Is integrated monitoring easy to pursue?
Honestly, it is not. There are many obstacles to overcome. By its very nature, integrated monitoring requires the participation of scientists from different disciplines. The team must be willing to explore new methods, learn new vocabularies, and bridge disparate objectives. It requires team members to adopt a stance of mutual respect and trust and appreciate that all team members have different disciplinary expertise to offer. Successful integration also requires facilitation and coordination and can take a long time to implement. As the proverb goes, “if you want to go fast, go alone, if you want to go far, go together.”
Is integrated monitoring worth the effort?
Absolutely. Our experience has proven that integrated monitoring is possible. Our team came together with a shared goal to support holistic adaptive management and a limited budget. Humans are intimately linked to island ecosystems. Managers must understand the human dimensions, working beyond the purely biophysical concepts to address the full social-ecological system.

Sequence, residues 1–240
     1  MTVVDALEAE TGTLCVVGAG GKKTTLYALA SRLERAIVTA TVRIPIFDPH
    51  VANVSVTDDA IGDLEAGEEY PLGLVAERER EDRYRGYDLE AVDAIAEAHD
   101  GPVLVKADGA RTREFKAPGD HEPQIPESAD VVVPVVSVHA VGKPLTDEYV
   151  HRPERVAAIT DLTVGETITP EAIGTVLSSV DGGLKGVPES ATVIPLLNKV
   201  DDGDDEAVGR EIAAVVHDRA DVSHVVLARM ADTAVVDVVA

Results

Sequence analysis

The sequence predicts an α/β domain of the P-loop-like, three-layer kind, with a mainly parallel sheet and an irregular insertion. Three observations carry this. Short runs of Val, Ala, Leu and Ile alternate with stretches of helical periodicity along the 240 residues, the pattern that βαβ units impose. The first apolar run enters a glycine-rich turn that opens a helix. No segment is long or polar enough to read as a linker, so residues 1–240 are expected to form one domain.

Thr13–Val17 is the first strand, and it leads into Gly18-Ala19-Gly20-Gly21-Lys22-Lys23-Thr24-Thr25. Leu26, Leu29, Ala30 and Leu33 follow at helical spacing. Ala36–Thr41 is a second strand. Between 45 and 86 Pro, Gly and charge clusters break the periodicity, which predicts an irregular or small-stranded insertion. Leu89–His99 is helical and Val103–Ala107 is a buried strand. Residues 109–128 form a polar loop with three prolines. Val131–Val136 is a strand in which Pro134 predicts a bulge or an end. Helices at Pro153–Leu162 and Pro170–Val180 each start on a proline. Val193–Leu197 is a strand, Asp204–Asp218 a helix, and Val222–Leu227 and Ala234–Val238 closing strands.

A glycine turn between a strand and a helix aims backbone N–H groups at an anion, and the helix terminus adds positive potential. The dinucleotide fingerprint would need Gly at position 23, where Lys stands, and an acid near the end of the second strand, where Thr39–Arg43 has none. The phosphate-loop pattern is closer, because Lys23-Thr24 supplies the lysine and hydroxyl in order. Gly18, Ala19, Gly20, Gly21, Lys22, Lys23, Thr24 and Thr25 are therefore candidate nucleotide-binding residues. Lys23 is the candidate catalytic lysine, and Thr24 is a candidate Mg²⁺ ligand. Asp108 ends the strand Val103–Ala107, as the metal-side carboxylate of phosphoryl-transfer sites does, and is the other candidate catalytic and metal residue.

The importance of this approach is well captured by a reef biologist from the University of Guam: “While I believe that our work is an important component of any effective marine resource management approach, the products of ecological assessment, monitoring, and research activities are rendered nearly useless when the human dimension of resource management is not well understood or neglected. When these [social] scientists have collected data to identify people who are key to solving a problem, we need community liaisons who people trust to engage and work toward solutions…. we did a pretty good job getting the message out—that our reefs are in trouble. But it wasn’t enough.”